I know this is the movie that launched both a franchise of many movies, a series, and, probably most notably, Channing Tatum (Smallfoot), but as a movie is it only just OK. And, yes, I know this is Fame-like fantasy. The formula is intentionally predictable and obvious. The relationships, banter, and tragedies foregone conclusions. They only left out sexual confusion and discovery from the standard mix. So perhaps my expectations should be set on acceptance rather than a desire to be impressed. But for all its silliness, the original Fame had a lot more heart and impact because the characters were that much more real.
But, clearly, the focus on street dance and music hit a chord with audiences that continues to last. I can’t say I was bored, and I certainly laughed many times at intended points; I just wasn’t transported. Part of the problem was that the movie was unbalanced, the focus being pulled by Tatum’s character rather than as part of the equilibrium.
Even the director, Anne Fletcher (The Guilt Trip), knew that the real star, or at least find, of this movie was Tatum and not his co-star and eventual spouse Jenna Dewan. Not that she isn’t a solid dancer and a good actor, it’s just clear that the movie is Tatum’s. Need definitive proof? During the final, climactic scene of the performance that Dewan’s character has been striving toward, and around which the entire movie pivots, not only is she not center stage, the follow-spot is always on Tatum and never her…unless she’s in Tatum’s arms. Forgetting the fact that Fletcher didn’t know how to film dance, it was the most distracting element of the movie for me because it was so blatantly wrong for the story and the moment. She didn’t even really use Rachel Griffiths (Hacksaw Ridge) to her full extent, though perhaps that was fair, if disappointing. And even with little screen time, she does make an impression here.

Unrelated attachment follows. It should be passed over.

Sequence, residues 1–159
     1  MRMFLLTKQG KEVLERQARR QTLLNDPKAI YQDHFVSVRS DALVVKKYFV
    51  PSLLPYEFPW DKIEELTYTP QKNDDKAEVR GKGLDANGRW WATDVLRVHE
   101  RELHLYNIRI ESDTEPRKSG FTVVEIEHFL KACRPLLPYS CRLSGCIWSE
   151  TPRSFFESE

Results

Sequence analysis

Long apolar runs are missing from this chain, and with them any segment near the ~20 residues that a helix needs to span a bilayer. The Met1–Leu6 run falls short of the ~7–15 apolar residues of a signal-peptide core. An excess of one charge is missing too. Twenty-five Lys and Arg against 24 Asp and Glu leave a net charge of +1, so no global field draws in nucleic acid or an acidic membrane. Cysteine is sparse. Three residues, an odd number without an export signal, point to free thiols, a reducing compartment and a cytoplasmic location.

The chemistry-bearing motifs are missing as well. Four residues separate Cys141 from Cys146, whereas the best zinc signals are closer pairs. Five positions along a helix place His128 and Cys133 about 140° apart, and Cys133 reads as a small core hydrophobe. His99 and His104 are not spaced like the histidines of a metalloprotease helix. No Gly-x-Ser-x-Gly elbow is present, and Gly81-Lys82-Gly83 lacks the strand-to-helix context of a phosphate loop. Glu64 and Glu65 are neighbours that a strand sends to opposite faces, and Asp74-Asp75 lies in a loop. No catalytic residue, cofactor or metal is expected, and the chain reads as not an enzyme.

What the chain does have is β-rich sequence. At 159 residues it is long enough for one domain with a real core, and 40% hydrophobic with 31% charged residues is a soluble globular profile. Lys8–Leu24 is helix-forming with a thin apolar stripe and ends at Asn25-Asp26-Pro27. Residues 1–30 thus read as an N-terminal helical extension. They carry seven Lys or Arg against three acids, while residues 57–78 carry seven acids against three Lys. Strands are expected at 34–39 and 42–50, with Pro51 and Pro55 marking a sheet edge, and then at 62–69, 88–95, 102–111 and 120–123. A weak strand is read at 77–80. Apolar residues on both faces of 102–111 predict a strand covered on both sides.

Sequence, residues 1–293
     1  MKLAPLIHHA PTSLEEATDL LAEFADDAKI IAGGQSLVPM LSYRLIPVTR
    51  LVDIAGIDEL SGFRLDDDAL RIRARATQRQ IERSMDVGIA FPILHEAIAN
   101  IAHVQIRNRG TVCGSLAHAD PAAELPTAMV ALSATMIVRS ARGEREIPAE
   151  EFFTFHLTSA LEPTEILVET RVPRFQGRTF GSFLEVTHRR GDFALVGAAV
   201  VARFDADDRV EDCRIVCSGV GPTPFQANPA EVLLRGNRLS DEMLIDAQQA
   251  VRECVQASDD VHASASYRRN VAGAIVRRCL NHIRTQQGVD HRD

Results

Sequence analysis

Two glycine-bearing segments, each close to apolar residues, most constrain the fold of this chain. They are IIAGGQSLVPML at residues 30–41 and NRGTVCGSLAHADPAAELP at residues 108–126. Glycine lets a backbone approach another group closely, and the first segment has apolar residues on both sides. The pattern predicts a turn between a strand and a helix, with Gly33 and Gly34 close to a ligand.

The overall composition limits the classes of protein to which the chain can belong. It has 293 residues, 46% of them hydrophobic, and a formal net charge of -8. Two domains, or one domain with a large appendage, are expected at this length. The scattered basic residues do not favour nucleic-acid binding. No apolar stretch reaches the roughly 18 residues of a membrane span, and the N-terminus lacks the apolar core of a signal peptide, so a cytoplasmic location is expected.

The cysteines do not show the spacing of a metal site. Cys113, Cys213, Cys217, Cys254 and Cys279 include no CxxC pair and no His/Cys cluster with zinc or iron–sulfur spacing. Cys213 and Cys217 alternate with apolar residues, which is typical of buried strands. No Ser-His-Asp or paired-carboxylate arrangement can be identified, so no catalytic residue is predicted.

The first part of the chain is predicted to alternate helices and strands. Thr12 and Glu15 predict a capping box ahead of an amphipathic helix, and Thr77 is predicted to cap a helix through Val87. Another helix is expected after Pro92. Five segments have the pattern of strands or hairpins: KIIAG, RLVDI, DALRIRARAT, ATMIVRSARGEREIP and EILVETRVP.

It’s worth noting that, in addition to Tatum, several others got a boost from this flick. Writer Melissa Rosenberg went on to create, among other things, Jessica Jones. Co-writer Duane Adler went on to do several more in this series and other dance films, having found his niche. Damaine Radcliff leveraged this to go on to several industries and interests. Of course Heavy D and Mario already had careers, but it gave them some nice moments. Mario, in particular.
When you’re looking for some thin romance, and some romanticized stories of the “street” and having it tough but being able to succeed, this may do. It isn’t realistic, it isn’t brilliant, but it is entertaining enough to carry its weight. At this point, I’m probably far too jaded to just give in to the fantasy of it all. For its intended audience of tweens and teens, it’s going to be much more effective.